No State Solution Is A Good Solution
In the Middle East and everywhere else
The situation in the Middle East demands the attention and deep concern of all of us. Once again the government is gearing up to solve a problem which past and present US administrations have helped to create and exacerbate. The media are filled with propaganda calculated to stampede Americans into support for a war to defend oil interests. But we must reject these tactics and their perspectives. We must not lose sight of the stark realities which have shaped the current crisis.
For many years, and until very recently, the brutal, inhumane Iraqi regime was supplied with US military and other aid, US corporations had no reluctance about doing business in Iraq. Right up to the August, 1990 invasion of Kuwait, the US was Iraq's largest trading partner. The US government willingly Guaranteed billions of dollars in loans to help this process along. It was common knowledge that a large portion was going to buy high-tech military instruments of mass destruction. This was justified as countering the Iranian fundamentalist Moslem regime and Soviet influence in the region—and no US official ever showed any real concern for the ways in which the Iraqi rulers brutalized their own population, or the way they repressed political dissenters, not even when poison gas was used against entire Kurdish villages. The US government was most certainly aware, while furnishing this aid, that thousands of political prisoners, including pro-democracy dissenters, were detained without charges or trials in Iraqi prisons, or jailed after trials which did not meet even generally accepted international standards of fairness; that torture of political prisoners and others was widespread; and that relatives, including children, of suspected dissenters were imprisoned while the authorities were seeking the suspects. All of this was widely publicized by Amnesty International and other human rights organizations, and was aired in the US press as well.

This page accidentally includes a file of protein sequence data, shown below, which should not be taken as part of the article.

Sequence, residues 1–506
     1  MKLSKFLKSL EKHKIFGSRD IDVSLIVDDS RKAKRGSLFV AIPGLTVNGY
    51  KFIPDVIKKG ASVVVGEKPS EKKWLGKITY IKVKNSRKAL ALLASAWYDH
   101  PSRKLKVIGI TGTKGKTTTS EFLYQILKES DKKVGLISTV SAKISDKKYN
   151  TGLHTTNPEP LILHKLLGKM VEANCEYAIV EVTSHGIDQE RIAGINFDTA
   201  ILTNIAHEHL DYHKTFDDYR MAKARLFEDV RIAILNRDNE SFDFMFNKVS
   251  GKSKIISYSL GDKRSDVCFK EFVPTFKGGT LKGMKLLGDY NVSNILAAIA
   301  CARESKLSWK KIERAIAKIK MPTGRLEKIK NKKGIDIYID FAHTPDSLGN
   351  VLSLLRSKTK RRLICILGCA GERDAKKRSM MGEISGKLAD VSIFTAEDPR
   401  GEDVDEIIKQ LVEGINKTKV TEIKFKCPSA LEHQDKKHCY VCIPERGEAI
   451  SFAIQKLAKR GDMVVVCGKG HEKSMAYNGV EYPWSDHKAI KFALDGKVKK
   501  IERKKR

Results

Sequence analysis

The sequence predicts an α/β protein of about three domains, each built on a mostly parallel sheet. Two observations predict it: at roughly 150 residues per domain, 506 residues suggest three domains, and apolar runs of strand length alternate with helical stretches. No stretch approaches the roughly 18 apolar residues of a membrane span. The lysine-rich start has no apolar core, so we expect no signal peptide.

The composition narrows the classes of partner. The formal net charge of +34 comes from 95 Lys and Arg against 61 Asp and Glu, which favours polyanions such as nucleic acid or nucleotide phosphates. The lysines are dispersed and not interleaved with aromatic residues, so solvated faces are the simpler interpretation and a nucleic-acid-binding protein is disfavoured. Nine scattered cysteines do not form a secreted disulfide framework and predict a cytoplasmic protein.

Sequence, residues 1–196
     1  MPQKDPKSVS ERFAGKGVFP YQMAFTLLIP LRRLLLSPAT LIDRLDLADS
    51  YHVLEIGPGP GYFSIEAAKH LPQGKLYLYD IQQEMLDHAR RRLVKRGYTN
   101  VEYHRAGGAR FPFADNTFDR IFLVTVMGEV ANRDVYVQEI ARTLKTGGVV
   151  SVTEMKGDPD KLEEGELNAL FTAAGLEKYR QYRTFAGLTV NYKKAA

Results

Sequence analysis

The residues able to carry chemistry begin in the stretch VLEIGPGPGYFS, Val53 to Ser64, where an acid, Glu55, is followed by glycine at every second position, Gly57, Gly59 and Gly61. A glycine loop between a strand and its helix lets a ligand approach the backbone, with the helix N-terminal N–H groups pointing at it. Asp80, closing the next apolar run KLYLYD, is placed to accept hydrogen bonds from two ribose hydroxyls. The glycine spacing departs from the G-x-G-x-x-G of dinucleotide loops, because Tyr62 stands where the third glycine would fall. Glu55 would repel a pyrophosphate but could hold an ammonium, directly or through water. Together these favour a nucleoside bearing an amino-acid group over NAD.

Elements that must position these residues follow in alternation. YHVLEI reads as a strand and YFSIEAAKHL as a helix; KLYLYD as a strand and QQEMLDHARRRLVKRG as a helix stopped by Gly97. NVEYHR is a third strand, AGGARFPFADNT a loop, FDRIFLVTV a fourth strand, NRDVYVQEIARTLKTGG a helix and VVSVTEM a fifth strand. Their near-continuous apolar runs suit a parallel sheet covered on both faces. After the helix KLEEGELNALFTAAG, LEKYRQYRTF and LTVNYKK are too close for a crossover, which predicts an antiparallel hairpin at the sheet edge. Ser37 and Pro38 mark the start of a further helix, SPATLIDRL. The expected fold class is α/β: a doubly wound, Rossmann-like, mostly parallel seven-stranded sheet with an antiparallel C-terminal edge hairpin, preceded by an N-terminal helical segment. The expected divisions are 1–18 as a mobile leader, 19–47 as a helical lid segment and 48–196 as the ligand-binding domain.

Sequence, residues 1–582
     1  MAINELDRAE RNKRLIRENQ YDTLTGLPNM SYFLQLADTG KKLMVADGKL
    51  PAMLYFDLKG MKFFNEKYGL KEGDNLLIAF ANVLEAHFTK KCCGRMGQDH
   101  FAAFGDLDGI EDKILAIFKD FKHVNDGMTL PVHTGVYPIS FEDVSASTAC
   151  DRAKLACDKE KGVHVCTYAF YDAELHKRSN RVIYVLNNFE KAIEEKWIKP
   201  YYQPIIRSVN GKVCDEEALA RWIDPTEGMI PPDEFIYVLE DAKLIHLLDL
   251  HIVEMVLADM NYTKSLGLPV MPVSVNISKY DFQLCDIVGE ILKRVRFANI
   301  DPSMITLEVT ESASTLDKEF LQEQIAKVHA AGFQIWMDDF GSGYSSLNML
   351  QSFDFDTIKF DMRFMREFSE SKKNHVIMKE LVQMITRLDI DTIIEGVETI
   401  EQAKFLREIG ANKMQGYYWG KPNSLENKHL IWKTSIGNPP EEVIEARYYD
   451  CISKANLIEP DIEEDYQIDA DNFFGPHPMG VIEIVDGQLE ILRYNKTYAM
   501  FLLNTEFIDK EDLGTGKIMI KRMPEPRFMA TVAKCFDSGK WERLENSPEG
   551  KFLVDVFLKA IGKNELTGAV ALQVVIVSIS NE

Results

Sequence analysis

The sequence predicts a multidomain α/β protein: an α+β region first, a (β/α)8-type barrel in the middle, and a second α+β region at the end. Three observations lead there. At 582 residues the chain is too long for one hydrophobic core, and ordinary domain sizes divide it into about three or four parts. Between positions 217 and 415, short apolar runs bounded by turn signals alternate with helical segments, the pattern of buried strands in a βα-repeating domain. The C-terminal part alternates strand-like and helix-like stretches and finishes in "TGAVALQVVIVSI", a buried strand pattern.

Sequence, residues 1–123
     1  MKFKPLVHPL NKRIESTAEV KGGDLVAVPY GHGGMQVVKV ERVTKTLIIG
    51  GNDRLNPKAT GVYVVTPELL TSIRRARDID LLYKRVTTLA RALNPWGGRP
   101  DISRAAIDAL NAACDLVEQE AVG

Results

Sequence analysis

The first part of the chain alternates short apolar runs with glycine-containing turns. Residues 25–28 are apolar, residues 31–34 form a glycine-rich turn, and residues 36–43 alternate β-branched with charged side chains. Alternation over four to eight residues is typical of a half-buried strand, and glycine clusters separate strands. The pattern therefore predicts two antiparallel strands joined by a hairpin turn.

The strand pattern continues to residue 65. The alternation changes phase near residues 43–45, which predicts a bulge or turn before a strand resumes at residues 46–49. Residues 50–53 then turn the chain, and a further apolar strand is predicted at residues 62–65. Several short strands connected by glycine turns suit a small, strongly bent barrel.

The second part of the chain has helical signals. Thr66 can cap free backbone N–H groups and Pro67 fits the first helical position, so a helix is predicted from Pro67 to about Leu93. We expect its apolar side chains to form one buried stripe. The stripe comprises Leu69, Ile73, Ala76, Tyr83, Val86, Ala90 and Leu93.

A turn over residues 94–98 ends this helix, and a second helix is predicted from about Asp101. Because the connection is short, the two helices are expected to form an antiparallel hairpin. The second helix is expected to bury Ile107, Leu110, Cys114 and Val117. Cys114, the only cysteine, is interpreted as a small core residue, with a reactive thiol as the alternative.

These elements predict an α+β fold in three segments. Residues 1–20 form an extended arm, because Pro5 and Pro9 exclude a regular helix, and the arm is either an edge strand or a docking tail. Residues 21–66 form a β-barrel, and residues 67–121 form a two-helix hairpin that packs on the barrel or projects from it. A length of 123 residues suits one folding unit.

American officials didn't care about the fate of those people caught in territory occupied by the Iraqi army during the Iran-Iraq War. They readily provided the Iraqi military with helicopters, satellite reconnaissance and other logistical and economic support for the war with Iran. And now, in the same way, they are building up the Saudi Arabian military for a war with Iraq.
The Bush administration was quite willing to countenance some Iraqi intimidation of the Emir of Kuwait, and even some seizure of disputed territory, with the aim of stopping the Kuwaitis from overproducing and thereby depressing oil prices. Only when the Iraqi military overstepped the bounds, and invaded the entire country, was Iraq condemned as a despotic and expansionist state on the model of Nazi Germany. Now, we are told, young Americans are to be sacrificed to rescue Kuwait, to protect our standard of living by keeping oil prices down, to unseat Saddam Hussein, the new Hitler, to get rid of Iraqi nuclear weapons...or what will they tell us next?